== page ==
But you set some constraints, so I'll try to break as few as possible. I don't know how to do this without breaking any of your constraints. Z-index is inherited (again, others have pointed this out), so you can't break out of your parents' layer with only that tool.

So here's one way you could get the same effect, using javascript. It's ugly, and might cause you more headaches later, but it should at least work:

  1. Find out the absolute position of the div that you want to put on top.
  2. Make a copy of it.
  3. Hide the original (optional if it's opaque).
  4. Insert the copy on top of everything.

If you're using jQuery, you can get elements' position relative to the document with the .offset() function. After that it's fairly simple:

$(document).ready( function() {

    $("a[href='#overlay']").click( function() {
        // 1: get the position
        pos = $('.wrap').offset();
        // 2: make a copy
        halecopy = $('.bottom .wrap').clone();
        // 3: hide the original
        $('.bottom .wrap').css({opacity: 0});
        // 4: Insert new label on top of everything
        $('body').prepend(halecopy);
        // position the new label correctly
        halecopy.css({position:'absolute',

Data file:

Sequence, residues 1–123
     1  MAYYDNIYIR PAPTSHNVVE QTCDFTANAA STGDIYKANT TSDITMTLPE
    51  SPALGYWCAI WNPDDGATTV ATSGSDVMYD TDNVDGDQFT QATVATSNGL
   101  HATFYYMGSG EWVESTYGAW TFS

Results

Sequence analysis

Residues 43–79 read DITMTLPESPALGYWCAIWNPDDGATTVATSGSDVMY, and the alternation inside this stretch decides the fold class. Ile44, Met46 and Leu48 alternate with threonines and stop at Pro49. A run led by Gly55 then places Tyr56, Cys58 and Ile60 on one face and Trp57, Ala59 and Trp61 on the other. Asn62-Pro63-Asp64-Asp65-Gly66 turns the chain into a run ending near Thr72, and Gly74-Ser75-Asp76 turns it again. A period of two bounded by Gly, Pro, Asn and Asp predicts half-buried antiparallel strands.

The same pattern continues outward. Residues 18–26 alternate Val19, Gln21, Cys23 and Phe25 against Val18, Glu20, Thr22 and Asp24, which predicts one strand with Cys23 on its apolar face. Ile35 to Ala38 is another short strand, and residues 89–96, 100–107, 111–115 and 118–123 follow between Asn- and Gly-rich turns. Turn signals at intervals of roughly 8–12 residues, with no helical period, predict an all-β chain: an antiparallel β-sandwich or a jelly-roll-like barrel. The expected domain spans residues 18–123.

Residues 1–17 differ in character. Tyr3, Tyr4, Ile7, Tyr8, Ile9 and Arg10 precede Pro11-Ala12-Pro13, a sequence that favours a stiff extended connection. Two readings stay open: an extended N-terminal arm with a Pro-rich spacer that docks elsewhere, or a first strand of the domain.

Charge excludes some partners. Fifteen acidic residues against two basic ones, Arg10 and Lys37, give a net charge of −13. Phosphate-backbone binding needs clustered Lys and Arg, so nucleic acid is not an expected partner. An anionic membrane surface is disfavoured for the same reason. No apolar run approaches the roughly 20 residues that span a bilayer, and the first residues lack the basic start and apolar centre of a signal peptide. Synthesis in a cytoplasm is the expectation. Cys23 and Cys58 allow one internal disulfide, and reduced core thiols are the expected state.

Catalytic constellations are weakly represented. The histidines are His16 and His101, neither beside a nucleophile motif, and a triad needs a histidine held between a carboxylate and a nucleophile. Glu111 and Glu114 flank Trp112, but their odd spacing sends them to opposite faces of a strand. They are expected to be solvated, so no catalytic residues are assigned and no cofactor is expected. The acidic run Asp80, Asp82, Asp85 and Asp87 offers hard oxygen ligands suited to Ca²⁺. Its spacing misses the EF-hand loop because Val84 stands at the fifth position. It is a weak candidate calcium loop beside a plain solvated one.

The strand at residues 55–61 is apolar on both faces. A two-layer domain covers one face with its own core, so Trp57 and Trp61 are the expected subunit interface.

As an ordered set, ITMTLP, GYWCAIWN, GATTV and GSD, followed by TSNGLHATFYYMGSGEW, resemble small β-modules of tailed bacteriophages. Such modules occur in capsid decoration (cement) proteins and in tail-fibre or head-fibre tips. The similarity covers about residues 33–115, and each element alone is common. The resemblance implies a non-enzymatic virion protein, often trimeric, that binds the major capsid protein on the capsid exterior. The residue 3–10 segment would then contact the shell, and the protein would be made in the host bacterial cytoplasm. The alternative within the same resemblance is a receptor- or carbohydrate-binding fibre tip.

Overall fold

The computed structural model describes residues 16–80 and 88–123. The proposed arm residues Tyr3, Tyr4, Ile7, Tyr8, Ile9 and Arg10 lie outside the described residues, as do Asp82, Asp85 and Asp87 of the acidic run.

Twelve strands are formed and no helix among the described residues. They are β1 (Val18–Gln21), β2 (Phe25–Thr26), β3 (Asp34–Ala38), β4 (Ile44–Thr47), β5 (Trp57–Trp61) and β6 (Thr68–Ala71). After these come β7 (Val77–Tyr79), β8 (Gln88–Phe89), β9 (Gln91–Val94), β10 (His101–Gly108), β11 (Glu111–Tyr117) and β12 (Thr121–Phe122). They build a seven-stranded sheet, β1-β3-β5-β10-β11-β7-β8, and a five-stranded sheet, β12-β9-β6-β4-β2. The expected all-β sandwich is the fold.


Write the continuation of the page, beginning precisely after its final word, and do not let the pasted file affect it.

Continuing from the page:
top: pos.top,
                      left: pos.left,
                      'z-index': 2});
        // show the "top" layer
        $('.top').fadeIn();
    });

    $("a[href='#hide']").click( function() {
        $('.top').fadeOut( function() {
            // remove the label copy
            halecopy.remove();
            // show the original again
            $('.bottom .wrap').css({opacity: 1});
        });
    });

});​

That script works for me on this markup:

<div class="top">
    <div class="label">
        <p>Whatever</p>
    </div>
</div>

<div class="bottom">
    <div class="wrap">
        <div class="label">
            <p>Haaaleluuuuia!</p>
        </div>
    </div>
</div>

<a href="#overlay">show</a>
<a href="#hide">hide</a>​

With these styles:

.top,
.bottom {
    position: absolute;
    top: 10%;
    left: 3%;
}

.top {
    z-index: 1;
    padding: 2%;
    background: rgba(0, 127, 127, 0.8);
    display:none;
}

.bottom {
    z-index: -1;
    padding: 3%;
    background: rgba(127, 127, 0, 0.8);
}

.label {
    color: #fff;
}

.wrap {
    outline: 1px dashed rgba(127, 0, 0, 0.8);
    background: rgba(127, 127, 127, 0.8);
}

.bottom .label {
    z-index: 10;
}
​

And here's a handly jsfiddle demo.


Added colour to the div's to demonstrate the layering:

<div style="position:absolute;background:blue;z-index: 10">
      <div>Whatever</div>
</div>

<div style="position:absolute;background:red;z-index: 11">
      <div><div>Haaaleluia</div></div>
</div>

This is just an idea which may work.

  1. Get the div having z-index = 9 using jquery.
  2. Then select the 1st child of 1st child of the div having z-index as 9.
  3. Then apply the style as follows:

$(element which you got).attr("style", "position: absolute; z-index: 12;")

The style will be applied to the small element and it will be visible on the red box.